Believe it or not, word-of-mouth marketing is still the most effective type of advertising out there. In a world where consumers are constantly being bombarded with products and services that they “must try,” it can be difficult to know who to trust. A word from a friend or at least a real person can go a long way. In fact, over 90% of consumers are more likely to trust a brand that has been recommended by a real person, even from a stranger.
One of the best ways to get people talking about your business is to go above and beyond their expectations. Much of this comes down to their personal experience with your team and whether or not they feel valued. Small businesses naturally have an advantage in this area because bigger brands tend to lack that “special something.” If your products and services are stellar enough that your customers feel compelled to leave a review or recommend it to a friend, that can speak volumes even when up against million-dollar ad spends.
- Second down: social media advertising
The majority of the movement on the field happens during first and second downs. These plays go hand-in-hand the same way word-of-mouth marketing and social media advertising do. Your business can gain a lot of momentum when your customers are engaging with you, and you now have access to the same 4.76 billion active users that big corporations do. You might even say that social media has leveled the playing field for small businesses. It doesn’t take a large budget or even a major influencer to get people talking about your business on social media.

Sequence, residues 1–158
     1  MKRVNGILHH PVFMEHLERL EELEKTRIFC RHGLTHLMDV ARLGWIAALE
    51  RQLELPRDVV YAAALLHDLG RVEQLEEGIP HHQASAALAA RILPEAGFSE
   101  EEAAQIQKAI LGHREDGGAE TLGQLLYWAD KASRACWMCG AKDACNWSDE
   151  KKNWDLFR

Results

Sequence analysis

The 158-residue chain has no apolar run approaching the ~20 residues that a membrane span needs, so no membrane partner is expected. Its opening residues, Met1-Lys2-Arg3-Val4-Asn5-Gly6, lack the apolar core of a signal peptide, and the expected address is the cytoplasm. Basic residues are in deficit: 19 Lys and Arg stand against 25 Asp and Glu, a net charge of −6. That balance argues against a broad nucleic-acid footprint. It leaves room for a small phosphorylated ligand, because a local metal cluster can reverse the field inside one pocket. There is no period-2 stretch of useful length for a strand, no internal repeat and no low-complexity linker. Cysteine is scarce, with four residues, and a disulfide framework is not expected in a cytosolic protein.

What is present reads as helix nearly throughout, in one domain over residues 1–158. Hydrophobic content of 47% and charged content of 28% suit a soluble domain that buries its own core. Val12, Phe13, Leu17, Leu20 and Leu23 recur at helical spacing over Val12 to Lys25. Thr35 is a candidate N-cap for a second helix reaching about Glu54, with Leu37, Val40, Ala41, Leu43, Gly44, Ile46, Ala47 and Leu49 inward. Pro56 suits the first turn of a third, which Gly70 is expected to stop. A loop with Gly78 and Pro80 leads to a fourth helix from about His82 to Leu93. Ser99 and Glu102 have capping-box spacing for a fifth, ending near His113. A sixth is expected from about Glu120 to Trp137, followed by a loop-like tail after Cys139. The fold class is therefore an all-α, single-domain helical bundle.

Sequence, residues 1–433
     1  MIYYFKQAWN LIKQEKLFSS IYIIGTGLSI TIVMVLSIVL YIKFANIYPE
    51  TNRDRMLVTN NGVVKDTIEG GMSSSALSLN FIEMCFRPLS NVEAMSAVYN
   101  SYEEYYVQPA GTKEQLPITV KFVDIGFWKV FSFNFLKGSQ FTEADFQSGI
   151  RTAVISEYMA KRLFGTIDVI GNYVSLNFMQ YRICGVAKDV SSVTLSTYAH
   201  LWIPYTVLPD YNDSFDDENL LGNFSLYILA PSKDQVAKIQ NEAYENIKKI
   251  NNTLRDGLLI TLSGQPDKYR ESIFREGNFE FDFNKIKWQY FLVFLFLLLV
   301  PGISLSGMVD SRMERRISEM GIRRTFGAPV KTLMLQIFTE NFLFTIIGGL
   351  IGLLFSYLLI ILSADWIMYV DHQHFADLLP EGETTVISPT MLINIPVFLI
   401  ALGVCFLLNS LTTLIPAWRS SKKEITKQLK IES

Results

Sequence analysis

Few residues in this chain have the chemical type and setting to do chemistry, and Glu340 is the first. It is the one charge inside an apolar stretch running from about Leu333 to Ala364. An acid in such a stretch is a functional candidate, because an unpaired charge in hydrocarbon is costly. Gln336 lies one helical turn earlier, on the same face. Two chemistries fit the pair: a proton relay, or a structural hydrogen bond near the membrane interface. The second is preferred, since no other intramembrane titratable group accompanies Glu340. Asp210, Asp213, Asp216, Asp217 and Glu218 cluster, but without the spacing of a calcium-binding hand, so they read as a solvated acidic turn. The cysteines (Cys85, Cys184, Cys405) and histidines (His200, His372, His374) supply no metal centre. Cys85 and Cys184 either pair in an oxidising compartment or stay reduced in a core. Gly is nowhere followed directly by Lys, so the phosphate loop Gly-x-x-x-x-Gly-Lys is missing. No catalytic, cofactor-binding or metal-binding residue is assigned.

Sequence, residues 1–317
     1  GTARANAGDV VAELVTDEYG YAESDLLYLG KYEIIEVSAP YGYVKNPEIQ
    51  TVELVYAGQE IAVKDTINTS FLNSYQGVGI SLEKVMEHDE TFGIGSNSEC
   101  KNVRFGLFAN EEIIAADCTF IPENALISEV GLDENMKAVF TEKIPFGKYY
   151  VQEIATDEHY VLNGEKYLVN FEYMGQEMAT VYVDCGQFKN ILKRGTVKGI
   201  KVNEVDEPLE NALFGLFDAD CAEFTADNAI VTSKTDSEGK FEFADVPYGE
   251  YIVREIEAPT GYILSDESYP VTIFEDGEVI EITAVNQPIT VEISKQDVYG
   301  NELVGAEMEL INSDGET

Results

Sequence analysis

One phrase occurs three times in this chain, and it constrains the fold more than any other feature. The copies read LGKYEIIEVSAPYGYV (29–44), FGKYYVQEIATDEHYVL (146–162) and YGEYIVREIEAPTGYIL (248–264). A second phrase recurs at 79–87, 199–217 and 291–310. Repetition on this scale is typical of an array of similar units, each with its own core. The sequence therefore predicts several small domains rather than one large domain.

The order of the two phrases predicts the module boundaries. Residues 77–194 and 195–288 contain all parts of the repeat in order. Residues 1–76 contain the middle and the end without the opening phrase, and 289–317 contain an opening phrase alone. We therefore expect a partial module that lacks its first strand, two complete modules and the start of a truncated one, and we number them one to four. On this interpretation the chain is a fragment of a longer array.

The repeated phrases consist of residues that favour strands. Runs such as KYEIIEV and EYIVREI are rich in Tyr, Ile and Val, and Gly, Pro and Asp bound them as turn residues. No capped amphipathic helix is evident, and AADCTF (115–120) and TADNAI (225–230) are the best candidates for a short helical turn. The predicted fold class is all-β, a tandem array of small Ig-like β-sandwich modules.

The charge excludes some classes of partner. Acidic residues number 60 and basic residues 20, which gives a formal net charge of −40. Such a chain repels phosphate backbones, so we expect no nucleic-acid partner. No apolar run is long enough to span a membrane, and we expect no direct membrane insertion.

To succeed as a small business on social media, you need to figure out where your ideal audience is spending their time. You don’t want to stretch yourself too thin and invest your resources into platforms that your customers don’t frequently use. If you know that a large percentage of your customers are young adults, you might consider posting heavily on Facebook, where the largest audience is men between the ages of 25 and 34. It is important to post every day if possible, but what is more important is to make sure that each post is authentic to your brand. In other words, just be yourself! Your customers will come to your small business because they appreciate your unique qualities, so don’t dull those down to fit in with the other brands.